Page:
Foster confirms new restrictions to come into force next week

first_img Important message for people attending LUH’s INR clinic The North’s First Minister says restrictions placed on Derry and Strabane is by no means a lockdown.The area has witnessed a significant spike in Covid-19 cases in the past couple of weeks with the incidence rate per 100,000, one of the highest in the UK, at 322.6.The Executive confirmed last evening that new restrictions will come into force from next week.These include the closure of hospitality businesses, bans on indoor gatherings and a maximum of 15 people being allowed to gather outdoors.People are also being advised against any unnecessary travel into and out of the region.Arlene Foster, says while restrictions are being placed on one area, the whole North must work together:Audio Playerhttps://www.highlandradio.com/wp-content/uploads/2020/10/fosterwebfri.mp300:0000:0000:00Use Up/Down Arrow keys to increase or decrease volume. Twitter WhatsApp News, Sport and Obituaries on Monday May 24th Google+ DL Debate – 24/05/21 Arranmore progress and potential flagged as population grows AudioHomepage BannerNews Facebook Foster confirms new restrictions to come into force next week Loganair’s new Derry – Liverpool air service takes off from CODA center_img Google+ Facebook Twitter WhatsApp Previous articleIWT highlights protected area of Lough Swilly is deterioratingNext articleTrumps tests positive for Covid-19 News Highland Pinterest RELATED ARTICLESMORE FROM AUTHOR By News Highland – October 2, 2020 Pinterest Nine til Noon Show – Listen back to Monday’s Programmelast_img read more

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Judge’s passion is making adoptions happen

first_img Judge’s passion is making adoptions happen Gooding helped whittle down 414 kids available for adoption last year to 258 Jan Pudlow Senior Editor When David Gooding was a boy, he heard his father on the phone with law enforcement officers, saying, “Well, bring them to our house.”This was back in the ’50s and ’60s when Marion Gooding was Duval County’s only juvenile court judge, and there was a delinquency shelter for kids who broke the law, but no place for abused and neglected children picked up in emergencies on the weekend.The youngest of six children would gladly share hand-me-down clothes and toys and build forts out of blankets draped over card tables with his sleepover buddies. Spared the details of their ravaged lives, little David Gooding just thought it was fun to have extra playmates for the weekend.Now that he is a Fourth Judicial Circuit judge handling dependency cases, David Gooding knows all too well about crack babies and splintered bones and broken homes, and all the tragic details that lead to severing parental rights.A year ago, more than 400 children in the Jacksonville area continued to languish in foster care, even though they were available for adoption. Judge Gooding vowed to do something about it.The end result is that adoptions have nearly tripled, thanks to a collaborative effort between judges, the Guardian ad Litem’s Permanency Project that recruited 38 pro bono attorneys, and social service agencies sharpening the focus on finding kids those “forever families.”“We have changed the culture of complacency,” Judge Gooding said.As a judge, he says there is no more significant order than a final order of adoption, and he sees his mission as “dealing with matters of eternal consequence.”“The government is a poor substitute for a parent. Children need loving, permanent families. Children need arms to hold them, ears to listen to them, and hearts to love them,” Gooding said. Red Tape Shredding JudgeWhen Judge Gooding explains how he helped whittle down 414 children available for adoption in March 2005, to 258 by the end of the year — including a whopping 52 adoptions in a single December day called “Family First Fridays” — he says it was “basically through good old-fashioned case management.”In short, Judge Gooding has mastered the art of cutting through red tape by holding people accountable and going straight to the person who can take care of business, rather than allowing cases to languish in the limbo of bureaucratic process.If the adoptive parent hasn’t finished the application paperwork and background information, he summons both the caseworker and adoptive parent to court to explain the holdup. Then he arranges for space in a conference room and gives the adoptive parent help in filling out the paperwork right then and there.If “preadoptive” parents have had the child for more than a year and say they aren’t sure they want to adopt, Judge Gooding will say: “If you don‘t want to adopt tell me why not, or why this child shouldn’t go to someone who wants to adopt.”“I don’t think anyone would be as direct as Judge Gooding,” says Richard Komando, director of the Fourth Circuit Guardian ad Litem Program.Gooding has even fired off friendly letters to governors of other states to enlist their help in cases where he has no jurisdiction.He chuckles when he tells about the letter he sent to New York Gov. George Pataki asking for help in getting a home study overdue for two years. Three days later, the home study was complete.“I used fancy stationery with a big gold seal that made me look like a big shot,” Judge Gooding said.Judge Gooding received the 2005 Adoption Excellence Awards (individual and/or family contributions) from the U.S. Department of Health & Human Services , which noted: “Since Judge Gooding has been in dependency court, adoption numbers in Duval County have risen tremendously. His efforts contributed to the overall adoption of 258 ‘special needs’ children in Duval County during fiscal year 2004-05.”Fourth Circuit Judge Waddell Wallace joined Gooding in dependency court in September and helps with the adoption effort.“It’s about actively managing each case,” Judge Wallace said. “It’s created a consciousness among agencies that it’s important to stay on these cases.” Rise to the Challenge Nancy Dreicer, Department of Children and Families District Four administrator, says Judge Gooding puts her case workers on the spot, and that’s OK.“putting pressure on the case workers, they rise up to the challenge,” Dreicer said. “He puts the child first and makes sure those cases go through.”She calls Judge Gooding and Judge Wallace “our secret weapons” in this successful collaboration that has made District Four — Baker, Clay, Duval, Nassau, and St. Johns counties — number one in the state in adoptions.Judge Gooding remembers when DCF Secretary Lucy Hadi first came on board and did what he called “a very brave thing.” At a meeting of dependency court judges, Hadi stood with an easel and marker and asked them to list their problems.“That’s courage,” Gooding said. “As an upshot of that, she gave us names and numbers of people in key positions in her administration and invited us to call when there are problems.”And, they do.Dreicer also gives credit to four community care-based partners — Family Support Services in Jacksonsville, Clay-Baker Kids Net, Family Integrity Program run by St. Johns County, and Family Matters in Nassau County.It was Jim Adams, CEO of Family Support Services, who was instrumental in bringing a traveling exhibit of portraits of children hoping to be adopted, called the “Heart Gallery” on display in art galleries and shopping malls.The pictures speak louder than words.“Everyone has their notion of what a foster child looks like,” Dreicer said. “This puts a face on the child. There are brochures and information about the child. Siblings are put together. And, hopefully, we can find a home for all of them.” Pro Bono Attorneys Leverage Action At the Fourth Circuit GAL office, lawyer Helen Spohrer directs the “Permanency Team,” thanks to a $25,000 grant through The Florida Bar Foundation. Administered by Florida Legal Services, the pilot project in Duval County uses pro bono attorneys to make a quick difference in the lives of adoptable children languishing in the system.It’s working.Half of Spohrer’s job is handling her own case load of children and the other half of her time she recruits pro bono lawyers to take adoption cases.She has succeeded in recruiting 38 pro bono attorneys to help what she calls “children caught in red tape” and do what lawyers do best: “communicate and get a case moving!”One pro bono attorney recruited is Paul Cappiello, of Harrell and Harrell, a personal injury law firm in Jacksonville. Cappiello works on brain injury cases and a federal national employment class action case.When Spohrer and Komando came armed with notebooks full of detailed information about what to expect, everyone in the firm agreed to take a case.“It is very satisfying to know that you helped a child find a permanent home.. . . It is exciting to see and even more exciting to be a part of,” Cappiello said.At Albertelli & Halsema, everyone in the Jacksonville firm agreed to participate in the GAL Permanency Project, which Jim Albertelli likens to “a corporate tithe” and work on the adoption cases is counted as billable hours.“Really, we get the best part of the case. You have people excited and ecstatic about building a family, and that’s what we get to be a part of,” said Albertelli. Family First Fridays The culmination of all of this collaboration takes place on the first Friday of the month, called “Family First Fridays,” where Judge Gooding and Judge Wallace hold an open docket for adoptions, modeled after National Adoption Day.The adopting parents must tell the judge why they want to adopt a child, and sometimes the answers are as simple as, “I love her.” The judges explain the proceedings are to make legal what is already true in their hearts. The atmosphere is celebratory with balloons and applause and tears, and Judge Gooding jokes, “It does cost the taxpayers in boxes of Kleenex.”At the December Family First Friday, Karla Grimsley, Fifth Circuit guardian ad litem director, traveled from Ocala to sit in the jury box and watch the action. She was so impressed, she wants to emulate the program in her circuit, where they now hope to do as many adoptions in one year as Duval County has done in one day.“I had never been to a court like this. The air was filled with excitement. Walking through the hallway was just packed wall-to-wall with children. The courtroom was standing room only. It was a court of law, but it had a different atmosphere. It was a happy time. It was good for the families and good for the system,” Grimsley said. March 1, 2006 Regular Newscenter_img Judge’s passion is making adoptions happenlast_img read more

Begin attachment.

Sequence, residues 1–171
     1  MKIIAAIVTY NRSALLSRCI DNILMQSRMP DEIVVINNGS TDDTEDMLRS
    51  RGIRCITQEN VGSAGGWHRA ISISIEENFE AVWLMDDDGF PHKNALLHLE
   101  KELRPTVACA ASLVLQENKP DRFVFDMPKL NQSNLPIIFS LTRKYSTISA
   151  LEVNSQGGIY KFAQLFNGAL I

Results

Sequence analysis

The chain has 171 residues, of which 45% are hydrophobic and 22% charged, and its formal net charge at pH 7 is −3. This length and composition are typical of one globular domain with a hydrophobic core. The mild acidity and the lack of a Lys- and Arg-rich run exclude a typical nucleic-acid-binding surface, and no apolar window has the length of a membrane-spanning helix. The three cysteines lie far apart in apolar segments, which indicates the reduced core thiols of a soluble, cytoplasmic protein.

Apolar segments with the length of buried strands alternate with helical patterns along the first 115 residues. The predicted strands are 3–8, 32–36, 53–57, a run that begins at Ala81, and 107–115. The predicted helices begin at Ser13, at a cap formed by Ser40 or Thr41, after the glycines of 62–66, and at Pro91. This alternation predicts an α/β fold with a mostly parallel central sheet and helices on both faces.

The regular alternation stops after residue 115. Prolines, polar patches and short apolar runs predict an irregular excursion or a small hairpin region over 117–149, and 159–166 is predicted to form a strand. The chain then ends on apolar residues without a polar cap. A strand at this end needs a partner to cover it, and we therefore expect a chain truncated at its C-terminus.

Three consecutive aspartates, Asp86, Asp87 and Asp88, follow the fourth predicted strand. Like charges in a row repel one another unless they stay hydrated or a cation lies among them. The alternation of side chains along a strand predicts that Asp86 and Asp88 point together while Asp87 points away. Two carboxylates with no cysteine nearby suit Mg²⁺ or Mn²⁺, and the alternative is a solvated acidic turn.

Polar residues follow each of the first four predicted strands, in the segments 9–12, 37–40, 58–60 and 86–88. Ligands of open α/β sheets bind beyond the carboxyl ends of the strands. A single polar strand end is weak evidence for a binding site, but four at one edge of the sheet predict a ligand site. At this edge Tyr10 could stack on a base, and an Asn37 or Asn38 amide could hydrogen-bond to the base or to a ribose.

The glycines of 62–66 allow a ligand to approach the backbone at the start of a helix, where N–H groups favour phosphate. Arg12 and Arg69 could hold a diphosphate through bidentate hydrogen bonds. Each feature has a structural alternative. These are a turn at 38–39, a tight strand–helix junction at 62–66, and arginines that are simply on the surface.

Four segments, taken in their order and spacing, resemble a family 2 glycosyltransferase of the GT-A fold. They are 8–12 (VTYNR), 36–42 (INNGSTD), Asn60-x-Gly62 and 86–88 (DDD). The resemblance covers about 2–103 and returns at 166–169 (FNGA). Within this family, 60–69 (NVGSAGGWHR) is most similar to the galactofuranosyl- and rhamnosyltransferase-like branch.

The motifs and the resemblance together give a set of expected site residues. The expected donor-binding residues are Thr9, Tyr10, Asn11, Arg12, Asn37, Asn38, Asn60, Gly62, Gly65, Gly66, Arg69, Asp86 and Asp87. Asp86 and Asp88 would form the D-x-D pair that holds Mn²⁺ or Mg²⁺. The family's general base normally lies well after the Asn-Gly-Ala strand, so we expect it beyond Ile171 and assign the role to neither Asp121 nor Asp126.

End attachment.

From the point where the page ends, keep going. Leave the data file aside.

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Friday April 10th Local Sports

first_imgWAVERLY —- Wartburg and Iowa State will square-off for the first time in a quarter century when the 2020-21 college wrestling season gets underway. The dual meet between the 14-time Division III national champion Knights and eight-time Division I national champion Cyclones is scheduled for November 6th at Hilton Coliseum in Ames. The season-opener will be only the third meeting in history between the teams and the first since Iowa State’s 23-16 win at Wartburg in 1996, the year the Knights won their first national title in program history. Wartburg finished the 2019-20 campaign with a 16-1 overall record and Iowa State finished second at the Big 12 Championships. The Knights are 12-11-1 all-time against Division I competition. The last time Wartburg faced a D-I opponent was in 2011, when the Knights dropped a 17-16 tiebreaker at Wisconsin. AMES — Iowa State women’s basketball coach Bill Fennelly says his team is focusing on what it accomplished and not what was lost with the cancelation of the post-season. The Cyclones were 18-11 and finished the regular season on a three game winning streak.Iowa State’s final game was a stunning upset of second ranked and defending national champion Baylor.Iowa State ended up 10-8 in Big 12 regular season play. IOWA CITY —- Iowa athletic director Gary Barta says they will be able to cover financial losses with reserves between now and the end of the fiscal year on June 30th. Barta says the department expects to lose several million dollars due to the loss of the Big Ten and NCAA basketball tournaments.Barta says they are looking at options for the next fiscal yearBarta says they will be looking at possible pay cuts in the future.Barta says they will be looking at several ways to save money. MASON CITY — NIACC coach Todd Ciochetto and sophomore Autam Mendez were recognized on Thursday by the National Junior College Athletic Association as the Division II women’s basketball coach and player of the year. Ciochetto guided the Lady Trojans to a 32-1 overall record, including a perfect 16-0 mark in Iowa Community College Athletic Conference play. NIACC won the Region XI title but did not play in the national tournament after it was cancelled due to the COVID-19 pandemic. Ciochetto wrapped up his sixth season as NIACC’s head coach with an overall record of 153-46. Mendez became NIACC’s first-ever national player of the year on Thursday. The 5-10 guard from St.Paul averaged 16.9 points per game in her sophomore year, recording 12 double-doubles. Mendez finished third on the school’s career scoring list with 1045 points, as well as third on the school’s career three-point and rebounding lists. Mendez has committed to continue her basketball career at San Jose State. THIS WEEKEND ON AM-1300 KGLO:Friday night at 7:00 — July 6 2007 — Twins vs. White Sox — Justin Morneau hits three homersSaturday afternoon at 12:00 — Iowa men’s basketball vs. Iowa State — December 12, 2019Saturday night at 7:00 — August 10th 2007 — Twins vs. Texas — Johan Santana strikes out 17Sunday night at 7:00 — April 12, 2010 — Twins vs. Boston — Twins first-ever game at Target Fieldlast_img read more